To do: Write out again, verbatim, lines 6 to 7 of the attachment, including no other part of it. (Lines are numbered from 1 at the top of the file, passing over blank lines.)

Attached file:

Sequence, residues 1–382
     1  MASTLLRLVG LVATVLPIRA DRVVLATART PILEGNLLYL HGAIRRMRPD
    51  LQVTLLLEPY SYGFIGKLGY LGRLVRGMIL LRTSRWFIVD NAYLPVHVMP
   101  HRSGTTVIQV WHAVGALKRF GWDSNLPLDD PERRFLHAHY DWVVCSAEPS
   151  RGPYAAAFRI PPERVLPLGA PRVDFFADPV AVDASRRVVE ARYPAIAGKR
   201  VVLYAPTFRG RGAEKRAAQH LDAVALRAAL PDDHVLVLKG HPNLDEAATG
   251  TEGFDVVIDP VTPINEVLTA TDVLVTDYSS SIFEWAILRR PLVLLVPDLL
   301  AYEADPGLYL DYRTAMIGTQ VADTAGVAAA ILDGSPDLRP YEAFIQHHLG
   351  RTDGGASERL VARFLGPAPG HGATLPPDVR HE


   201  VVLYAPTFRG RGAEKRAAQH LDAVALRAAL PDDHVLVLKG HPNLDEAATG
   251  TEGFDVVIDP VTPINEVLTA TDVLVTDYSS SIFEWAILRR PLVLLVPDLL